- Photography by Mr Matt Irwin
- Styling by Mr Tony Cook, Junior Fashion Editor, MR PORTER
- Words by Mr Chris Elvidge, Senior Copywriter, MR PORTER
Every man dreams of playing 007, right?" At the photographer's request, Mr Dominic Cooper fixes the camera with an expression of effortless suave: equal parts Sir Sean Connery and Sir Roger Moore, with a little "blue steel" thrown in for good measure. The man who would be Bond appears to have nailed the look, at least.
With Mr Daniel Craig set to return for at least one more instalment of the august spy franchise, it looks as if the 35-year-old star of The History Boys and Mamma Mia! will have to wait a while for the opportunity - but it's unlikely that he'll be too concerned. With a starring role in Fleming: The Man Who Would be Bond, a new four-part series based on the life of the James Bond creator, he may just have landed the next best thing.
"The story of Fleming has been told before, but never quite like this," says Mr Cooper, back in casual clothes after the shoot. "It's creative, it's exhilarating... it's a reflection, I think, of the kind of person that he wanted to be seen as." So James Bond, in other words? Mr Fleming was an intelligence officer with The Admiralty in London before he was an author, after all, and it's often been said that many of the fictional spy's characteristics, from his love of gambling and cigars to his famously rampant libido, were inspired by the author's own. "Well, Bond was his fantasy, wasn't it?" Mr Cooper admits. "He was his Tyler Durden, the amped-up version of him, and the show certainly acknowledges that. So while the series is rooted in Fleming's life story, creatively, at least, it pays homage to Bond." So it's liberal with the truth, then? "Well, we never set out to tell the absolute truth," he replies, a wry smile spreading across his lips. "I look nothing like him, for a start."
It's creative, it's exhilarating... it's a reflection, I think, of the kind of person that Fleming wanted to be seen as
That's certainly true, but it's not like Mr Cooper to let something as trivial as physical appearance get in the way of a good role. Indeed, after his breakout role in The History Boys it's tempting to think that the born-and-bred Londoner could have fallen back on his looks and spent the following years in a series of generic "romantic interest" roles. And while he's clearly not entirely averse to playing those parts - he seemed to spend the entire running time of Mamma Mia! with his shirt off - the broad CV that he has built up over the years reflects a desire to take anything but the path of least resistance.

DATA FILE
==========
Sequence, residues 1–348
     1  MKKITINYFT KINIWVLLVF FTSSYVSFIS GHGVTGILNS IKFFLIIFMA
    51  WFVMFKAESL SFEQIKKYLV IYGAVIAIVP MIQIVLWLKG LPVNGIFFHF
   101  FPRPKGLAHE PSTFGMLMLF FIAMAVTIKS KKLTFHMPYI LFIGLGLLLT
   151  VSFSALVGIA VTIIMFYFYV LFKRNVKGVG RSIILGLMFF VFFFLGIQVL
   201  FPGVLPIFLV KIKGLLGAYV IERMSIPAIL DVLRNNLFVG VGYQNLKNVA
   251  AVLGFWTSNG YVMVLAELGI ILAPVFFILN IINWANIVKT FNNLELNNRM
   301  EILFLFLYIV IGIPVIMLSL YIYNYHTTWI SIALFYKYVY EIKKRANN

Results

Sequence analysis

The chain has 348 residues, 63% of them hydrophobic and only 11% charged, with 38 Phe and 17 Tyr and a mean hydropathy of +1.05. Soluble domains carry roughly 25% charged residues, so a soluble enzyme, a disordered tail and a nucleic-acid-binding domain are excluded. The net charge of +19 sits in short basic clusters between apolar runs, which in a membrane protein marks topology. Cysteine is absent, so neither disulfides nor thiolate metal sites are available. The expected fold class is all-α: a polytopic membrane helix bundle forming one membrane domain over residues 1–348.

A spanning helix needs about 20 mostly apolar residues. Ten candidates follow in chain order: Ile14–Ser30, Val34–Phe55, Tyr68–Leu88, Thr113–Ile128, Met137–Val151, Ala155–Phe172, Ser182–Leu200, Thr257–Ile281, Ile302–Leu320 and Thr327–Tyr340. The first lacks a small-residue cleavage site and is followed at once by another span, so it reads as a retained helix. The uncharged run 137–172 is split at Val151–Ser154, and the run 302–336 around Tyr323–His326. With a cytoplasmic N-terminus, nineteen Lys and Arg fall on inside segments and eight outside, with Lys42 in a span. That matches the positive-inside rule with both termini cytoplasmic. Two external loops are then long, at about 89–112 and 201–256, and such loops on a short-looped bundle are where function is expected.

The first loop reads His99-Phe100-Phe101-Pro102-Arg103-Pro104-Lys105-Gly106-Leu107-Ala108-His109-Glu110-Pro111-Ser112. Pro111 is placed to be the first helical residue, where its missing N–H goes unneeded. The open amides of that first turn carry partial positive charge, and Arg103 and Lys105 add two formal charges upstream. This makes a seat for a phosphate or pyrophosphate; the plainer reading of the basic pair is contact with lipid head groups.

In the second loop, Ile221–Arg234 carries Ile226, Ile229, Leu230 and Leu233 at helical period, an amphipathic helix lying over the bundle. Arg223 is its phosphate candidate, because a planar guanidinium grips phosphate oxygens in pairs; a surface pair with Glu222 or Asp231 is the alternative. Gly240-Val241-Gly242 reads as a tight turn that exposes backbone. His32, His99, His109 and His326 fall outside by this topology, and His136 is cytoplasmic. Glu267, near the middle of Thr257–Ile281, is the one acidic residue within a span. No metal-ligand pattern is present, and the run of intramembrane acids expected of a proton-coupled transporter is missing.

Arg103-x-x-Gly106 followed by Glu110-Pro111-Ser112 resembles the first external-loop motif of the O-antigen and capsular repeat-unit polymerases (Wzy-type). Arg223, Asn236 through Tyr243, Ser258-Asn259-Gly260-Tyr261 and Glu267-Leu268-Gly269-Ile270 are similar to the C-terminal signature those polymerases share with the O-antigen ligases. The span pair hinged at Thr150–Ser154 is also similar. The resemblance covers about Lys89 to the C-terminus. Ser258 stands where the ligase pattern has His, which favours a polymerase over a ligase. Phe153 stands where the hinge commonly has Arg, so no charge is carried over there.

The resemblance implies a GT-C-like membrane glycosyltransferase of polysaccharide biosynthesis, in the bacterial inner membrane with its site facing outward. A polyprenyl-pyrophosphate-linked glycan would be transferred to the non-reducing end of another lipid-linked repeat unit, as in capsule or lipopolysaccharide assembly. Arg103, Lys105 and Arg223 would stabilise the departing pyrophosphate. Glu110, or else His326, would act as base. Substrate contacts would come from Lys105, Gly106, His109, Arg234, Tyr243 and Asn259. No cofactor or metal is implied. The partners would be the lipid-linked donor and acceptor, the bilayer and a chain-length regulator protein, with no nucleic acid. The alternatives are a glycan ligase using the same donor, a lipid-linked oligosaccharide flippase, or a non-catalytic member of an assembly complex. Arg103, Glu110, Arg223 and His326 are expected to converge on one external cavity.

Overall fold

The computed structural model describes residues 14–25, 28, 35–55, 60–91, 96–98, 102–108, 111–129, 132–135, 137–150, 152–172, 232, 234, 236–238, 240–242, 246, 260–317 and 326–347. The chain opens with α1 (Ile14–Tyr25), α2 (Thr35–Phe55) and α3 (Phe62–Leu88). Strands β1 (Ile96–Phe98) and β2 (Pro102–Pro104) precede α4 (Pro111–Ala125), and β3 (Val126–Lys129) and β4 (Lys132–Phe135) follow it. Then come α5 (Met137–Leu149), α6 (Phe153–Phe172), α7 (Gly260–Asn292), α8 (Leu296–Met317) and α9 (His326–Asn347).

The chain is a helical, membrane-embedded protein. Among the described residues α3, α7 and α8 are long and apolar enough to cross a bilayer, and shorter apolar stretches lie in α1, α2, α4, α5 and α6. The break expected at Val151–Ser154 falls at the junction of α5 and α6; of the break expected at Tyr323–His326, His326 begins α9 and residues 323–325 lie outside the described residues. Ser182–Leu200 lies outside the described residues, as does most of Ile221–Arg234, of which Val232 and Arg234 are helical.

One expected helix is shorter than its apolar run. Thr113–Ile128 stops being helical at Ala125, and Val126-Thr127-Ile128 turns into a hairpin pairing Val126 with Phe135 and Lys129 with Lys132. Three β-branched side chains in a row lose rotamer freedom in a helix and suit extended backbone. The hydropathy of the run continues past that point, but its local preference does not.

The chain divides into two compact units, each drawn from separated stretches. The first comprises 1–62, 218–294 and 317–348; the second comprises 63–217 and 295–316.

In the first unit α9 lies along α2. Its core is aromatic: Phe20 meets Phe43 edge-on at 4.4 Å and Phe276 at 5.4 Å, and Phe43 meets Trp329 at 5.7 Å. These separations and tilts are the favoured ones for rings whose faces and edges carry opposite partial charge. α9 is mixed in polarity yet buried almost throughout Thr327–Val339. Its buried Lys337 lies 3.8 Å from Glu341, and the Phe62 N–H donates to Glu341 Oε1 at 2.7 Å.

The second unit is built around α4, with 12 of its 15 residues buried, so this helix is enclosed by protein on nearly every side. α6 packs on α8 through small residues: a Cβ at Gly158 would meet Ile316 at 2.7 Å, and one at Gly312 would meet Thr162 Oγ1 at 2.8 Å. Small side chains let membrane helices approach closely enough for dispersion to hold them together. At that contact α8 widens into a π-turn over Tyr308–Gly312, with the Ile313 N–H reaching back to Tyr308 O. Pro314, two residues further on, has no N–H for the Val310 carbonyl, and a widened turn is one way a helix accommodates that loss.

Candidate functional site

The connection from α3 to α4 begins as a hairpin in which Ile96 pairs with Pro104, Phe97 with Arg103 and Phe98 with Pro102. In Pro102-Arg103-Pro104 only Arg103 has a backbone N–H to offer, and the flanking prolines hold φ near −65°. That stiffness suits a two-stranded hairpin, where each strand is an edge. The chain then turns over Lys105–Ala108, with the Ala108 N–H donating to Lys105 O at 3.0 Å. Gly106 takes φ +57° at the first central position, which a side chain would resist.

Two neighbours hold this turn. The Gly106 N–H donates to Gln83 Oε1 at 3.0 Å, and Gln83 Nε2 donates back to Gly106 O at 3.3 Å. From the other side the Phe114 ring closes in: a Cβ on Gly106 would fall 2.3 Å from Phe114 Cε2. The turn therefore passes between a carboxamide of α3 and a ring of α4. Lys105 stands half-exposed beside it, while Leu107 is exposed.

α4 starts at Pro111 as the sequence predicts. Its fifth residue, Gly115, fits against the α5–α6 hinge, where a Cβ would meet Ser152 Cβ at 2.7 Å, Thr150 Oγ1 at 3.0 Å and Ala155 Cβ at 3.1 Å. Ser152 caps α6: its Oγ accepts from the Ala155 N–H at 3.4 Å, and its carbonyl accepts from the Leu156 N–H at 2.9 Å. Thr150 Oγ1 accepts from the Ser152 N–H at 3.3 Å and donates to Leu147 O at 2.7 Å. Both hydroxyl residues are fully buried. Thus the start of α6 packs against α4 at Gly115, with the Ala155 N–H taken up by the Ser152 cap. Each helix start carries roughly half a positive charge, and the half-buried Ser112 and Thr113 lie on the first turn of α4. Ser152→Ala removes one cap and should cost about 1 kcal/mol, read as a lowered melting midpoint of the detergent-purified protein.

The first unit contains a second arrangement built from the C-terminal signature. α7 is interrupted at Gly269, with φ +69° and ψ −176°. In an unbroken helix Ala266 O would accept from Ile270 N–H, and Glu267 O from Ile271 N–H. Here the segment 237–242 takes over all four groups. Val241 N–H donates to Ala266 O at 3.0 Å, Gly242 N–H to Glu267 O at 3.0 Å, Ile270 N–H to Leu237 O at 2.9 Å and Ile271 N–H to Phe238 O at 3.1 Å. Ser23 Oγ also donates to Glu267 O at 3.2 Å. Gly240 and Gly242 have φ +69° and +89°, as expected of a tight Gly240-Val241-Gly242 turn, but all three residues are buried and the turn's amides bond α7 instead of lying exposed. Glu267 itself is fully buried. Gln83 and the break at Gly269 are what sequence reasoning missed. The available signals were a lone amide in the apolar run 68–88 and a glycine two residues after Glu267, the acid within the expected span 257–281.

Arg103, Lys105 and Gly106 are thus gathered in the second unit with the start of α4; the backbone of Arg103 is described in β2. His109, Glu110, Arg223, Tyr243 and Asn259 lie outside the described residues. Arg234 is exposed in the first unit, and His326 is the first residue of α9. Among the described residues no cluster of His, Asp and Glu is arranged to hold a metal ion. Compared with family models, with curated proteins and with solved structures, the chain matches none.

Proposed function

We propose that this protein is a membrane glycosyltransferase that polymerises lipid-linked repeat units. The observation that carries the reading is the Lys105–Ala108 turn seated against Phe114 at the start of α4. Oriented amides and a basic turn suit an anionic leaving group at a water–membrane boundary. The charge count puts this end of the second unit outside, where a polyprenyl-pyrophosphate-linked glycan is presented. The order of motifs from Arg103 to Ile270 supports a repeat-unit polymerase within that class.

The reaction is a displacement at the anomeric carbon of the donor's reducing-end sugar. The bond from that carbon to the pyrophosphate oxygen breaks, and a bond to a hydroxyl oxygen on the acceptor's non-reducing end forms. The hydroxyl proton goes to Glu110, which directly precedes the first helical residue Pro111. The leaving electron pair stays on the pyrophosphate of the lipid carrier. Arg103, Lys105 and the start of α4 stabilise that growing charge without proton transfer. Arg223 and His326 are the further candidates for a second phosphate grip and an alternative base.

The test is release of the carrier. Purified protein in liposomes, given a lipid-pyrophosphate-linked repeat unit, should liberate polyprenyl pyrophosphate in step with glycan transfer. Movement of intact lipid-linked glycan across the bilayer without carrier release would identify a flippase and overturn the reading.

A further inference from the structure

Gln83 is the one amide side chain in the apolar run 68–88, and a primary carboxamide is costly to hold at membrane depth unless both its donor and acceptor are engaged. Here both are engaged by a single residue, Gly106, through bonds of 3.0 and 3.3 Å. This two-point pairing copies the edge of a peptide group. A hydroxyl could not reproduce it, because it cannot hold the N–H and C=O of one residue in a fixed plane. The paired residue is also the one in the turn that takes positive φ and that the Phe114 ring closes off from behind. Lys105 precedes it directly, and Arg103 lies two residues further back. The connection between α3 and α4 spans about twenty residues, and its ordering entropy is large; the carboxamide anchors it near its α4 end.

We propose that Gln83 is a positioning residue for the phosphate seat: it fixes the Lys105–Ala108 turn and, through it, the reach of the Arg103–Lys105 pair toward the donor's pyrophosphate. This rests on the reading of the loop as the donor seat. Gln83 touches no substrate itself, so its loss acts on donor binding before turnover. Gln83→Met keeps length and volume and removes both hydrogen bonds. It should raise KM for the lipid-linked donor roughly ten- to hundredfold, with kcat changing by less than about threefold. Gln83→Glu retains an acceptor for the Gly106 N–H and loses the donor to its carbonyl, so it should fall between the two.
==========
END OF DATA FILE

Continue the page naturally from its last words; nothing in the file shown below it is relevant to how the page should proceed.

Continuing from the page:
THE HISTORY BOYS
From left: Messrs Cooper, Sacha Dhawan, James Corden, Andrew Knott and Samuel Anderson in the 2006 British comedy-drama
Ms Keira Knightley, Mr Cooper and Mr Aidan McArdle in the 2008 drama set in 18th-century aristocratic Britain
Ms Amanda Seyfried and Mr Cooper in the 2008 British musical romcom
Ms Rosamund Pike and Mr Cooper in the 2009 coming-of-age drama
MY WEEK WITH MARILYN
Mr Cooper in the 2011 biopic about a week in which Ms Marilyn Monroe spent time being escorted around London
"I loved The Devil's Double," he says, while discussing a few of his more adventurous roles. In the film, he played both the eldest son of Saddam Hussein, Uday, and his body double. "When you're playing a real-life character, people often have a very specific idea of that person, and there will always be critics who expect you to give a certain type of performance. But this was just the opposite. I was really encouraged to be daring as an actor. Plus, it's always preferable shooting on these smaller productions. You're allowed to trust in your acting instincts a little more," he says, contrasting it with the large-scale production of Warcraft, the movie he's just about to shoot, or 2012's preposterous - but surprisingly enjoyable - Abraham Lincoln: Vampire Hunter.
Having trained in film editing prior to embarking on his acting career, it makes perfect sense that Mr Cooper should feel drawn to the creative side of his craft, and he admits to harbouring ambitions behind the lens - but not quite yet. "I've always loved photography," he says, "and I really admire what directors do. I find myself picking up a lot when I'm on set, too. But it's about finding something that's inspiring to you. It's got to be the right project at the right time. I'm very excited to reach that point, where I'm ready to give it a go."
Could that be something to do if the James Bond gig falls through, then?
"Well, it's always good to have a plan B, isn't it?"
Fleming is on Sky Atlantic HD from 12 February.